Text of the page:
I started drinking Sierra Nevada’s pale ale around 2005, just after the company’s lowest point in sales since it opened in the early 80s. You could say that the brewery and I grew together. I was in my senior year at Marquette University, located in the middle of a brewer’s dystopia, Milwaukee, Wisc., when Sierra Nevada—via a convenience store called Kampus Kitchen—helped me to discover good beer.
Ken Grossman, the founder of Sierra Nevada Brewing Company and the author of Beyond the Pale, started brewing in the 1970s as an accompaniment to his other hands-on passions of cycling, hiking, and all-purpose tinkering. From the start of this brewery’s biography, Grossman describes himself as being obsessed with “taking things apart and figuring out how they worked.” Once Grossman put his mind to the work of opening a brewery, the man was determined to make that venture run smoothly as well.
The troubles that Grossman—and his business partner—ran into while attempting to get the first iteration of Sierra Nevada brewed, bottled, and distributed, often made me cringe in my reading. The two young founders of the brewery possessed a combination of idealism and hardheadedness in their first years in business, from shoving the brewing equipment (grain mill, mash tun, fermenter, and bottling line) into a building much too small for their operation to Grossman’s refurbishing and fabricating of equipment that would only last a short period of time before needing more repairs. Unbelievably, Grossman salvaged old dairy farm tanks for the brewery’s first fermenters and retrofit an old milk vat that he drilled (by hand) 4,000 holes in to serve as their mash tun. The work that went into getting the brewery up and running was humbling to read about—and this work continued for many years after the brewery opened. One has to wonder why Grossman felt so compelled to persist in his quest for the best possible beer.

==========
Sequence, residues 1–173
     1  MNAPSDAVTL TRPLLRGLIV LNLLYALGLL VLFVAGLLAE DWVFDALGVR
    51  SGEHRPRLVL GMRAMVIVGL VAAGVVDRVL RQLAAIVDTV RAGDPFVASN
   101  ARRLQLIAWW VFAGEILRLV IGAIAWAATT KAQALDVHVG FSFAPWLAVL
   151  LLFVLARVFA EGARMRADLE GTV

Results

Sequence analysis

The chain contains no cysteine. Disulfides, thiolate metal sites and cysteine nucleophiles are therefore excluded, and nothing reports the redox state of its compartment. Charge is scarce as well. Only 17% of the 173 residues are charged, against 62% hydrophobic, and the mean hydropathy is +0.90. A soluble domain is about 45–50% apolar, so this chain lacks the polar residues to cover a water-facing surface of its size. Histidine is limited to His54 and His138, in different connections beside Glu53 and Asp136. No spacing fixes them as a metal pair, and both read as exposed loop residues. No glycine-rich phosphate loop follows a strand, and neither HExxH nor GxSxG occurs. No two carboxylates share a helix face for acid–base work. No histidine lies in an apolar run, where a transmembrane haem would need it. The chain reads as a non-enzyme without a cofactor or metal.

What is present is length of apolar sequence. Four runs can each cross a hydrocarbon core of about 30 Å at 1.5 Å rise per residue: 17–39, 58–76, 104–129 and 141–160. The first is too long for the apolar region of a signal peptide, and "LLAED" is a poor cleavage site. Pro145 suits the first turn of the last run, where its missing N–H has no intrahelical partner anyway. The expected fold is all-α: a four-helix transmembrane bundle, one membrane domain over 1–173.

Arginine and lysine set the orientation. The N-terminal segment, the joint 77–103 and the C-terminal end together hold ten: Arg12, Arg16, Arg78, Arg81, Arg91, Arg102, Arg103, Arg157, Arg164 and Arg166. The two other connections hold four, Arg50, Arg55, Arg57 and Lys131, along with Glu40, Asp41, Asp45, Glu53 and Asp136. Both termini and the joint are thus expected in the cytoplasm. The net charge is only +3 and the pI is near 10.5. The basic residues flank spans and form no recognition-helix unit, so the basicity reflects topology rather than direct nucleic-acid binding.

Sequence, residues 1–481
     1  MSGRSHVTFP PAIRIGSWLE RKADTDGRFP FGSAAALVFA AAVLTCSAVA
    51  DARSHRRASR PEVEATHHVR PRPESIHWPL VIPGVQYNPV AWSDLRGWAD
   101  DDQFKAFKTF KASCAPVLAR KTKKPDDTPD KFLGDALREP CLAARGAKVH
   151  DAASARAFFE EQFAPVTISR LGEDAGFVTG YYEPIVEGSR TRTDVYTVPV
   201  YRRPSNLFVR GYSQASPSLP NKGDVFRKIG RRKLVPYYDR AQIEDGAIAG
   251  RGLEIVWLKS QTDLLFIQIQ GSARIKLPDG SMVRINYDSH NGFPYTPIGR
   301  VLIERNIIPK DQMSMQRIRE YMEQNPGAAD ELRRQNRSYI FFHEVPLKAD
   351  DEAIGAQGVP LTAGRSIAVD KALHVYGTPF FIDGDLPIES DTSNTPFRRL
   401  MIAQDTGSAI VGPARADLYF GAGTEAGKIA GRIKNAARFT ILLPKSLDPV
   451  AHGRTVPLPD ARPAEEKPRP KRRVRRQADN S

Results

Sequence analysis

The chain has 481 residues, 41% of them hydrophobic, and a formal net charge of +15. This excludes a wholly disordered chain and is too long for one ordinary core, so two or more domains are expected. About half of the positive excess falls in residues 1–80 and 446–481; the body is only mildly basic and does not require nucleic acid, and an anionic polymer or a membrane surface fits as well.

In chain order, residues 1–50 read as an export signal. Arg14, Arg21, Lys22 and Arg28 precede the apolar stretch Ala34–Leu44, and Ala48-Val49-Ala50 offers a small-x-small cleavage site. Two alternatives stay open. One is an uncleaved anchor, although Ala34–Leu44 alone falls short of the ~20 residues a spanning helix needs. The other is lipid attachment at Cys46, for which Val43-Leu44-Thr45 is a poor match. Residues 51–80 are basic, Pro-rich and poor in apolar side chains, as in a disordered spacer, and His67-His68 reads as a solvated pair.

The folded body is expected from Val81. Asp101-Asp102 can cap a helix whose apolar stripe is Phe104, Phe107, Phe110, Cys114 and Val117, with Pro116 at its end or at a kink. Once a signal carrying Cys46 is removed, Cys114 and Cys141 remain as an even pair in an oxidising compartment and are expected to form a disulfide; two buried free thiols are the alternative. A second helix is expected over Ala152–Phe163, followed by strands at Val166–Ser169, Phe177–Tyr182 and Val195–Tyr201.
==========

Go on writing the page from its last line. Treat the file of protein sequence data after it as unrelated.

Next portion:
The answer to that was equal parts Grossman’s aforementioned finickiness alongside his nostalgia for an American brewing industry that was in decline at the time of Sierra Nevada’s founding. Not only was the beer market in the U.S. dominated by enormous companies like Anheuser-Busch and Miller, the beer itself was severely underwhelming to any beer lover. Grossman wrote that beer manufacturers seemed to assume that the masses of beer drinkers wanted watered-down beer and so that was what was produced. This assumption was disproven when the craft brewing revolution caught on in the late 70s: From the start of Sierra Nevada until about the time I started drinking its pale ale, Grossman described his company as struggling to make production meet the demand.
So, to the beer at hand: If you are a beer drinker, it’s safe to assume you’ve tried Sierra Nevada’s pale ale. This beer, which makes up 70 percent of their sales, follows a recipe that Grossman adamantly maintains consistency on from one year to the next. The pale ale varies a great deal, however, from the hoppier, more bitter, pale ales you might sample from a different craft brewery (Founder’s dry-hopped pale ale is one example, but there are many more). I have always thought of Sierra Nevada’s beer as having a sweeter finish than most pale ales, as well as having a dark, honeylike color. The beer is exceptionally well-balanced and a great, enjoyable beer that you can drink for significantly less damage to your wallet than some other microbrews out there.
Sierra Nevada and I have been growing together for almost ten years now and, while I have enjoyed countless SNBC ales alongside my friends, I think it might be time to branch out into their other brews. For instance, until I read this brew-ography, I had no idea that the company operates in North Carolina as well, and that they collaborate from time to time with other breweries, like Dogfish Head. The company also offers a rather selective Beer Camp, which trains aspiring brewers. “We all helped each other out,” Grossman said of his fellow craft brewers.
While not all brewers are as interested in reaching out to the brewing community, I will confess that sentiments like Grossman’s are what have always attracted me to this activity. Beer is an extremely social beverage and perhaps the least snobbish thing one can drink. When I journey to my local homebrew store—as I plan to do this week for my first brew of the fall—I expect to be able to craft a recipe with input from the staff. At the very least, I expect to have an informative and enthusiastic conversation about this weird shared hobby. Grossman’s brew-ography, Beyond the Pale, is a hoppy validation of this belief that everyone can be a brewer.